Nhekwe Dziri Kanyi, an anthology of Ndau and Manyika poetry, has now hit the literary market, much to the excitement of people from Manicaland.
Authored by Ndau poet Ishmael Penyai who hails from Biriwiri village in Chimanimani, the book has created so much interest in the literary circles and also stirred debate on Rekete ChiNdau, a social forum for Ndau and Manyika speakers on Facebook.
Musaemura Zimunya, a prominent senior lecturer with the English department at the University of Zimbabwe, had this to say about Nhekwe Dziri Kanyi on a post on Facebook:
“To read this poetry collection is to discover words, accents, tones and nuggets of ethnic expression currently alienated by the Shona Language Committee’s obsession with the so-called ‘Standard Shona’.
“We experience the beauty of poetry in words we thought were dead and realise that we owe it to ourselves as a nation to keep, protect and revive the great gift of language inherited from our forefathers, all across the length and breadth of Zimbabwe.
“The nation owes Penyai credit for reminding us that Ndau is not a ‘crazy’ dialect but that it is capable of depicting courtship and romance, celebration and laughter, death and misery. The same goes for those other marginalised ethnic dialects such as Korekore, Venda, Chiduma, Kalanga, Northern Manyika, to name but a few.”
Pamenus Tuso, a Bulawayo based-freelance journalist, expressed satisfaction about the book and said that this was a milestone achievement in as far as resuscitating Ndau language was concerned.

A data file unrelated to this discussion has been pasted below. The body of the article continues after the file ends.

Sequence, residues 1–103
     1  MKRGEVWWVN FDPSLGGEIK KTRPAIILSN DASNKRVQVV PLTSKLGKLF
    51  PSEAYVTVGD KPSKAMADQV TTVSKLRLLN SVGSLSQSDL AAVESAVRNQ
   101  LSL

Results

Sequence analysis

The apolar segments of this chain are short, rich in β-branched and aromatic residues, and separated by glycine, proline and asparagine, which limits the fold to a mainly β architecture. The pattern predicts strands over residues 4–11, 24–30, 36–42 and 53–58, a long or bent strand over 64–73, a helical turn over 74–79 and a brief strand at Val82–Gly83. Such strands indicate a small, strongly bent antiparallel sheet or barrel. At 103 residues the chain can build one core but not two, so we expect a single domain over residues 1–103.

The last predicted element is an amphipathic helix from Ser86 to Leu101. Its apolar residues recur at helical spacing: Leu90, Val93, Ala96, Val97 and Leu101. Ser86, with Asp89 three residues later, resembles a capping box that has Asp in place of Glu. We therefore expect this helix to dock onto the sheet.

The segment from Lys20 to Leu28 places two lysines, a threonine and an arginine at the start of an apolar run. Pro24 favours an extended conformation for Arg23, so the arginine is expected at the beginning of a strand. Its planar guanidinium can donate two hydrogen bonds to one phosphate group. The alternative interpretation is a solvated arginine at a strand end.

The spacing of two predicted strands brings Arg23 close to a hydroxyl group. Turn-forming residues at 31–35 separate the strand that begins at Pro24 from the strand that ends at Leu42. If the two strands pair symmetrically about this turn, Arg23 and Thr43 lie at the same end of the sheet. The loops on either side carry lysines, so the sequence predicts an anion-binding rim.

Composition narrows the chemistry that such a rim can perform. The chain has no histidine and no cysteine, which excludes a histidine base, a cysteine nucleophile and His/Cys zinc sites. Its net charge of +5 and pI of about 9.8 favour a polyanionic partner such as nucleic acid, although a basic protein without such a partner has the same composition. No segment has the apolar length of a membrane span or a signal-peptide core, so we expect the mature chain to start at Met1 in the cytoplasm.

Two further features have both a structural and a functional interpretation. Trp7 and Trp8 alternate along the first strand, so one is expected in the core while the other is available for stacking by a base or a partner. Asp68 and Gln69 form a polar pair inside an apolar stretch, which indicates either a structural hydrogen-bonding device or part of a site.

“I feel so proud that my language has at last found its way into the literary world. This is something that I will forever cherish,” Tuso said.
An excited Penyai said at least 100 books had found their way into schools in Manicaland and that the copies that he had placed in bookshops were selling like hot cakes.
“I have been distributing the book around the country and the response is encouraging,” said Penyai who is also a bookseller.
The poet said he was so proud of this achievement and that he planned to start writing Ndau for children.
“We need to capture children at a young and tender age. I am so overwhelmed with emotions because this is the day I had dreamt of for years. I have also started writing yet another poetry anthology entitled Scarlet Memories which will be in English,” he said.
The poet was prompted to start this project after realising that Ndau, a language spoken in Chipinge and Chimanimani areas of Manicaland, was slowly dying.
“I am determined to keep ChiNdau alive,” remarked an ecstatic Penyai.